History demonstrates that Brady played effective (not spectacular) football throughout the 2001-2002 season. So, how did the Patriots win consistently with him under center?
The Patriots won Super Bowl XXXVI because Brady always played within the confines of Bill Belichick's game plan. Belichick's success started on defense. He paired an aggressive, nameless front seven with a proven secondary (sound familiar, Denver?). He fortified his tough, dedicated defense by running a conservative offense. Belichick did not possess a dominant All-Decade football team. The 2001 Patriots did not lead the League in total offense or defense. The roster did not brim with Pro-Bowl talent. Belichick won because each week he convinced all of his players to execute his game plan.
But what is so special about that? Every winning coach gets the most out of his players.
This is where today's fans contend, "Belichick won in '01 because of The System! His proven 'system' beat everyone!" Ah, of course, the good ol' Patriot Way. Unfortunately, crediting the franchise's incredible run and first Super Bowl victory to The Patriot System ignores and even contradicts history.
Making the playoffs was a pipe dream for the 2001 Patriots. Dr. Z of Sports Illustrated ranked the Bledsoe-backed Patriots twenty-fifth out of thirty-one NFL teams in his 2001 pre-season power rankings. Yet, the imagination of the contemporary fan revises history. The post-'01 dominance of the Patriots organization causes people to believe that the 2001 Patriots were supposed to win 11 of their final 14 games. This perception could not be further from historical fact. Each week, the Patriots were supposed to stop winning. I remember this because I was there.
In 2001, I was attending high school in a suburb of Boston. The Fall of '01 was the most frustrating season of my life. I had no car. I had no privacy. I had no mountains. All the while, "Pats" fans surrounded me. They bore names like O'sull, Walshy, and "insert the nickname of a character in Good Will Hunting and/or Boondocks Saints here." I lived in the Kingdom of the Enemy. Every week, I watched in disgust as the Patriots piled up yet another absurdly lucky victory. Yes, I broke things. Had Ray Bourque not recently jettisoned the Bruins and won a Stanley Cup with the Avalanche, Greater Boston would have eaten me alive. I felt like a caged bird ... a caged bird that despised Tom Brady. The man was ruining my life. Griese was supposed to win and Brady, the backup, was supposed to lose. Bill Belichick had thrown off the natural order of my universe.
No one in Boston spoke of a "system" that would ultimately lead the Patriots to victory, let alone dynastic greatness. There was no saving the 2001 Patriots. With Bledsoe in the ICU, the Patriots were a pastiche of nobodies led by Ty Law, Lawyer Milloy, and an unproven, unpopular, second-year head coach. Suffice to say, The System did not rescue the 2001 Patriots. The System had yet to exist.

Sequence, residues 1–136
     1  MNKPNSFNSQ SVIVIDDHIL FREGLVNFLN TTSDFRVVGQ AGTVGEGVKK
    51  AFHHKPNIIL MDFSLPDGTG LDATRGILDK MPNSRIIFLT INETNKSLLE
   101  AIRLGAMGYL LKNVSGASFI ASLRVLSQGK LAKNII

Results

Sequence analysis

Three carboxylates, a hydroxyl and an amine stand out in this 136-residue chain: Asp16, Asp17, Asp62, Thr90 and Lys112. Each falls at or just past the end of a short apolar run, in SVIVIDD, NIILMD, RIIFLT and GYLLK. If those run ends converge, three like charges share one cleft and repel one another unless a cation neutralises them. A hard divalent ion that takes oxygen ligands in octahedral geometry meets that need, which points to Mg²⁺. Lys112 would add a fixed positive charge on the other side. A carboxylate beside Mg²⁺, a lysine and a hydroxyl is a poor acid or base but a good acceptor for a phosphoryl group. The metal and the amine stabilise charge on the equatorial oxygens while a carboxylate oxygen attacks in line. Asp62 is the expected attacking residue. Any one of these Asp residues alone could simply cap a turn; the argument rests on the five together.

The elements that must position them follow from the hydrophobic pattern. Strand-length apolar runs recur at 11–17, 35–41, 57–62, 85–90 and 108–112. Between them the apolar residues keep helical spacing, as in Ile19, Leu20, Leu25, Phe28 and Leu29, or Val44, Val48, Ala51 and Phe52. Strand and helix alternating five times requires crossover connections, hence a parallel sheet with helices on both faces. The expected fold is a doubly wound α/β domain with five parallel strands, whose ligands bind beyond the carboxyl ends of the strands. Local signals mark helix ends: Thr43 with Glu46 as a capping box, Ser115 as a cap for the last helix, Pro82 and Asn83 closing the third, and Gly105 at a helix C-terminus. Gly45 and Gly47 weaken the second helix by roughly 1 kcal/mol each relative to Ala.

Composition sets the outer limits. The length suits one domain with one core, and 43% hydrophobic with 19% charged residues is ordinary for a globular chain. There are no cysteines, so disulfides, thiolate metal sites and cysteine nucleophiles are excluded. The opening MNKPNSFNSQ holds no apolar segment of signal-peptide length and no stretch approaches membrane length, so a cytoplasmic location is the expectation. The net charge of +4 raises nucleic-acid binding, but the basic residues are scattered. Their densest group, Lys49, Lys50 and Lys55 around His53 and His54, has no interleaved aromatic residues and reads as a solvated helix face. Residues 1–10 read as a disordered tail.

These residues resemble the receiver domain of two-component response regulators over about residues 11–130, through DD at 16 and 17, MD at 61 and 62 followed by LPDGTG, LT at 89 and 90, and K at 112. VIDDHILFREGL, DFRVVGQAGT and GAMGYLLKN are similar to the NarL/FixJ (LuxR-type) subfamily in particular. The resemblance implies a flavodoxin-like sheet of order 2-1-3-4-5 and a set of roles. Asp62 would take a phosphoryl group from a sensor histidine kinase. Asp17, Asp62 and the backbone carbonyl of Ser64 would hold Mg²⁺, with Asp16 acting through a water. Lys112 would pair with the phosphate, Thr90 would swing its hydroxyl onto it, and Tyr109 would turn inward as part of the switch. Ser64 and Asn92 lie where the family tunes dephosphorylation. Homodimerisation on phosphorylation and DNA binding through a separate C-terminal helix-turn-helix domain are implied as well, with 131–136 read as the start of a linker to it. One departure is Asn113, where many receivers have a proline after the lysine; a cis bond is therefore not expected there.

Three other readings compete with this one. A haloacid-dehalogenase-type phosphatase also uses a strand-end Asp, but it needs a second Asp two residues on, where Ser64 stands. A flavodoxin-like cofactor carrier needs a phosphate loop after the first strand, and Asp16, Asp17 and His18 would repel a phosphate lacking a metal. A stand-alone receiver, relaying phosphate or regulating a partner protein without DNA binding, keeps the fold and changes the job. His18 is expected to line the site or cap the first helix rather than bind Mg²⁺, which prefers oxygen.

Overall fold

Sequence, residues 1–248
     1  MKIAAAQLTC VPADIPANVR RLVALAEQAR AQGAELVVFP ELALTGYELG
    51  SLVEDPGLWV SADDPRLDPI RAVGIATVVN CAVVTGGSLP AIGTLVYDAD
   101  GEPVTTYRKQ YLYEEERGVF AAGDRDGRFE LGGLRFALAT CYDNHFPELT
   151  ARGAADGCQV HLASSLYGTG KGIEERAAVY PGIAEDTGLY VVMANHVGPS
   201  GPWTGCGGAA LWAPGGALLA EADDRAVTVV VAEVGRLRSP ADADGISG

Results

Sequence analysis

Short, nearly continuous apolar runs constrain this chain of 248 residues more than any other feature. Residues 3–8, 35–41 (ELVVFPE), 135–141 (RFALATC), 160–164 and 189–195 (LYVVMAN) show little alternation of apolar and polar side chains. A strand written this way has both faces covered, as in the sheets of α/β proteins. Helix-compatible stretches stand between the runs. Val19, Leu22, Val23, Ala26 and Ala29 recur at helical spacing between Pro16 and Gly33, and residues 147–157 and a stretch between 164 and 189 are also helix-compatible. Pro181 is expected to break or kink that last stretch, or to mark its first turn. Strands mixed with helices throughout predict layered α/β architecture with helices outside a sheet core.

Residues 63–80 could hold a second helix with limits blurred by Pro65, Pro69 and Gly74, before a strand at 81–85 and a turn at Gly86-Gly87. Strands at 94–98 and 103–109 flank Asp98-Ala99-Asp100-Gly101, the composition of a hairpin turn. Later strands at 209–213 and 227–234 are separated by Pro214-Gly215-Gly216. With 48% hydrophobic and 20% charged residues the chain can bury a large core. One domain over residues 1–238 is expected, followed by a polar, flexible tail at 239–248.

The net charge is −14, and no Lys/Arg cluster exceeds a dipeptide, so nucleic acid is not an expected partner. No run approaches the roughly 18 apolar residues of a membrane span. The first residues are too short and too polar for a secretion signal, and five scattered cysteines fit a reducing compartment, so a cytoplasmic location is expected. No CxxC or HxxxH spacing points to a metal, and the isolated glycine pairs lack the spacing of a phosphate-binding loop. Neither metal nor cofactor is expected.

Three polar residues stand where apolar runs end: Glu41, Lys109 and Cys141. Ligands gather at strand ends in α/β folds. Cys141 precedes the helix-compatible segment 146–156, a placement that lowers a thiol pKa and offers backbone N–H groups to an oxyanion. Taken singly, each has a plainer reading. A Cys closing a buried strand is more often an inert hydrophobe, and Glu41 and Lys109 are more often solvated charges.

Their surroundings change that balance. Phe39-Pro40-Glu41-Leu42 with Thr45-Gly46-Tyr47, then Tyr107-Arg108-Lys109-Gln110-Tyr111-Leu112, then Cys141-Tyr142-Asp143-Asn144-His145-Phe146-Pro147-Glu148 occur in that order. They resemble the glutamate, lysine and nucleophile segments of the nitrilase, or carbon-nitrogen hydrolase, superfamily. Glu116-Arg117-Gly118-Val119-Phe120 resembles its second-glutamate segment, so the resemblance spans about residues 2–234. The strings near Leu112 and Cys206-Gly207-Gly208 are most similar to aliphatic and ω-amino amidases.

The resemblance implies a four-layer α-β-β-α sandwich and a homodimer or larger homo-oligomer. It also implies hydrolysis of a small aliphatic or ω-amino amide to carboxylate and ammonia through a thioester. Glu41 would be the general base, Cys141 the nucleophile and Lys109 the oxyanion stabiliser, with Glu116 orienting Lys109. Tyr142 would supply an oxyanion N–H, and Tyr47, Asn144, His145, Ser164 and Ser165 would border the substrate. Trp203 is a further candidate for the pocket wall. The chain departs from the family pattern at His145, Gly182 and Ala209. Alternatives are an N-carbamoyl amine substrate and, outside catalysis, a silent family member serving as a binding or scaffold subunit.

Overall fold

Revisionist history clouds our judgment. Tom Brady's poor play against subpar opponents in 2001 tends to perplex those who examine his stats today. However, in 2001, few were surprised by Brady's errors. Analysts and fans blamed Brady's mistakes on inexperience and an overall lack of talent; no one expected precision, much less a Super Bowl run, from a sixth-round quarterback with no NFL experience. Brady's improvement since 2001, especially his historic 2007 season, has altered our collective memory. We now expected the Patriots to markedly improve after Bledsoe's brush with death.
Belichick's constant success since 2001 has also blurred NFL history. No one outside of New England recognized "The Patriot Way" until Belichick won Super Bowl XXXVIII. That season the Patriots went 14-2 and won the Super Bowl with a roster that contained only three pro-bowlers -- Ty Law, Willy McGinest, and Richard Seymour. None of these guys played offense. Talk of The System remained quiet until the 2004 Patriots set the NFL record for consecutive regular season victories and went on to win Super Bowl XXXIX.
By February 2004, the Patriots had won 28 regular season games in two seasons and consecutive Super Bowls. Belichick had become a genius in the process. He reached genius-hood in part by strategizing around season-ending injuries to established starting cornerbacks Ty Law and Tyrone Poole. The coach inserted Asante Samuel (a second-year NFL player, fourth-round draft pick), Randall Gay (a rookie undrafted free agent), and Troy Brown (an aging wide receiver) into the New England secondary. His creative gamble paid off. As the Patriots hoisted the Lombardi Trophy for the third time in four years, people came to believe that Bill Belichick could annually compete for a championship with a roster of antique chairs.